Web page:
A Summary of the New CLASS Act (Community Living Assistance Services and Support Act)

Below is a summary of the portion of the healthcare reform law, known as the “CLASS Act”.  C.L.A.S.S. stands for:  Community Living Assistance Services and Support Act.

Who can enroll in the CLASS Act?

Anyone who is working can enroll, even the self-employed.  The Secretary of HHS will set up a method for enrollment for those who are self-employed and for those whose employers choose not to participate in the program.

Who canNOT enroll in the CLASS Act?

  • Those who are already retired,
  • those who are unable to work and
  • those who choose not to work (including non-working spouses and domestic partners)

cannot enroll in the CLASS Act.

How will the CLASS Act be financed?

The legislation requires that the CLASS Act be financed solely from the premiums of those who enroll in the program.  No taxes will be allowed to finance the program.

Who is eligible for benefits under the CLASS Act program?

Anyone who has paid premiums for at least 5 years and worked at least 3 of those first 5 years can be eligible to receive benefits.  In order to receive benefits, an enrollee must need assistance with at least 2 of the Activities of Daily Living, or be cognitively impaired.

What are the benefits in the CLASS Act?

That is the big question mark.  The legislation states that the program will pay eligible beneficiaries “not less than an average of $50 per day”, depending upon level of disability.  That means that some beneficiaries may receive less than $50 per day and others more, depending upon how disabled they are (e.g. depending upon how many Activities of Daily Living they need assistance with).  The Secretary of HHS has until October of 2012 to release the details of the benefits, as well as the premium amounts.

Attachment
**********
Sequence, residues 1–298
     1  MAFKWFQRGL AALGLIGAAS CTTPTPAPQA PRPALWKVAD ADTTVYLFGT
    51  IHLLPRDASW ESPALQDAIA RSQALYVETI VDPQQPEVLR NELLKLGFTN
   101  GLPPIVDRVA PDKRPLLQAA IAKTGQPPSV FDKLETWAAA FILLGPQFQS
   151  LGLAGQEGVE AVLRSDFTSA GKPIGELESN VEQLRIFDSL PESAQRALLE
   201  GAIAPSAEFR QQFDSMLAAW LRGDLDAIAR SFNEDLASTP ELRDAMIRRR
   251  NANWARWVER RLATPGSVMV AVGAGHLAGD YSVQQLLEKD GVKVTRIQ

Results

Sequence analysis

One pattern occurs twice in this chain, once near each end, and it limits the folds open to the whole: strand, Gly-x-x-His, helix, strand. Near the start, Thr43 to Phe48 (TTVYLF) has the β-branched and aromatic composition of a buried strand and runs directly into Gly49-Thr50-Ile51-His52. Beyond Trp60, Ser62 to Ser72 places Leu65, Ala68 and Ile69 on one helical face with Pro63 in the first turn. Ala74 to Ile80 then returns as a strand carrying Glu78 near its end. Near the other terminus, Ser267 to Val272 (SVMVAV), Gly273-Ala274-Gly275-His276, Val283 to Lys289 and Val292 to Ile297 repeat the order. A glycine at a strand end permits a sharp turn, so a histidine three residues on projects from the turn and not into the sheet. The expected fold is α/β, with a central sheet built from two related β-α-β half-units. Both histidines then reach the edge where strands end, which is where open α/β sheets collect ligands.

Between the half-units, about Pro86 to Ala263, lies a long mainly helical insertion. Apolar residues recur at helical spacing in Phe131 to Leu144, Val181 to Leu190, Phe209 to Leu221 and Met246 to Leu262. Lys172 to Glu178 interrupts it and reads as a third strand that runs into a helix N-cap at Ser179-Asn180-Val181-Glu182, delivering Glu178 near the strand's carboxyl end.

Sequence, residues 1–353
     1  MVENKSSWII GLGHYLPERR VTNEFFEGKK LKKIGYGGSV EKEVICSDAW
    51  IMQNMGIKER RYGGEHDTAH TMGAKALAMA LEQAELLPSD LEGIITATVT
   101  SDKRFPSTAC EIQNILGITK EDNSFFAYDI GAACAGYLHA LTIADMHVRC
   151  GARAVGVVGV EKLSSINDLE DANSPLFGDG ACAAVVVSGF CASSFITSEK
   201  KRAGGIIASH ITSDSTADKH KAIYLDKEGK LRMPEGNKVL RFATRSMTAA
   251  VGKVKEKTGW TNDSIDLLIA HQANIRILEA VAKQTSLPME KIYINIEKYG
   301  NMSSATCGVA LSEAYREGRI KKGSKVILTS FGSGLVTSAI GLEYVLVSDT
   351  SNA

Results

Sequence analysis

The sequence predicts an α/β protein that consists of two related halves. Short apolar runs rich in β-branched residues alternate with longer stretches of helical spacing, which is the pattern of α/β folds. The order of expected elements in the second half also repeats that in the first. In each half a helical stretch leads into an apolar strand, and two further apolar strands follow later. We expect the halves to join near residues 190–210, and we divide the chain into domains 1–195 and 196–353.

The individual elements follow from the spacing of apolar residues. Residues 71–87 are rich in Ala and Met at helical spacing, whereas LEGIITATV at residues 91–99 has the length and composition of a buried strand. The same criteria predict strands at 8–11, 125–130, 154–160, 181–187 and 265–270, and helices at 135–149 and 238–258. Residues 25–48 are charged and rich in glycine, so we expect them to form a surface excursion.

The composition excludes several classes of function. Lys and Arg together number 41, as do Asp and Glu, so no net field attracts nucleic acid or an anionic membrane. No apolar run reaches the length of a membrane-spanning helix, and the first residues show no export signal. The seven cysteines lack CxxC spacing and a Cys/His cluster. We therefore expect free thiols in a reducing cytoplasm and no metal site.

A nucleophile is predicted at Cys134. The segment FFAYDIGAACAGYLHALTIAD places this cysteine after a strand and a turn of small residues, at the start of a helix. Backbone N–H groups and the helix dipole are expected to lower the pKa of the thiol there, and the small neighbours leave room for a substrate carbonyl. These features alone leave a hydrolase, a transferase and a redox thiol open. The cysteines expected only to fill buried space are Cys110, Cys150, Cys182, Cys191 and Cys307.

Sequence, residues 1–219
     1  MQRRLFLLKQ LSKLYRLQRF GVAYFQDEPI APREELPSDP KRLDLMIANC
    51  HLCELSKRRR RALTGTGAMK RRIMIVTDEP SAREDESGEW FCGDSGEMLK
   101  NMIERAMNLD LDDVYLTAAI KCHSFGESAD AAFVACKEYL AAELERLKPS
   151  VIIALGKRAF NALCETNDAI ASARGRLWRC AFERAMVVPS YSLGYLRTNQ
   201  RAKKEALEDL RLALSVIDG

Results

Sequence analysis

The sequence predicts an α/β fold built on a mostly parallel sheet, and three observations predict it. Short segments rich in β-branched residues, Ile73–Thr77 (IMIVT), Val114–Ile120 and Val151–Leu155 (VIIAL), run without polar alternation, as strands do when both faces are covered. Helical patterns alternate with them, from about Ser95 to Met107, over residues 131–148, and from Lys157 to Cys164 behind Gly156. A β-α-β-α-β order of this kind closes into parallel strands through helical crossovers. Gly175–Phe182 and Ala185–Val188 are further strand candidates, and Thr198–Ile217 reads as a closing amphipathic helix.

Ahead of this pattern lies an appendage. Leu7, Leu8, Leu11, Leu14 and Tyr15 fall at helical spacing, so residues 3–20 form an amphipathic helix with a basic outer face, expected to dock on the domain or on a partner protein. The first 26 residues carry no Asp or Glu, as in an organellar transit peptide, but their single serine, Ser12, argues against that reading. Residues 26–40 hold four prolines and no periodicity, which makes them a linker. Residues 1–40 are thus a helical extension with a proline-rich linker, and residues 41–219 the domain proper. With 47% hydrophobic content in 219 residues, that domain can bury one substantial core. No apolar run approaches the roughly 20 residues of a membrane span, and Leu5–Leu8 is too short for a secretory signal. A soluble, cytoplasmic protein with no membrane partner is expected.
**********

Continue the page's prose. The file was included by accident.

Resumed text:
Can someone “disenroll” from the CLASS Act program?

Once enrolled, the legislation states that members can only “disenroll” during the “disenrollment period”, which will be once per year.

To learn more about the CLASS Act,
click any of the following links:

How is the CLASS Act better than traditional long-term care insurance

The 3 big disadvantages to the CLASS Act

Why are the CLASS Act premiums projected to be so much higher than traditional long-term care insurance


About Scott A. Olson

Scott A. Olson, is the author of “The Guidebook for Making Long-Term Care Insurance Easier.” He is a licensed insurance agent and has specialized in long-term care insurance since 1995. He is licensed to sell long-term care insurance in over 40 states. Scott was born and raised in New Jersey and attended Rutgers University. Scott was a caregiver for a close relative for two years. That personal experience has made him acutely aware of how to help his clients design and choose a long-term care policy that will benefit them when they need it the most. Scott and his wife Carolyn live in Redlands, California. Scott and Carolyn have four sons.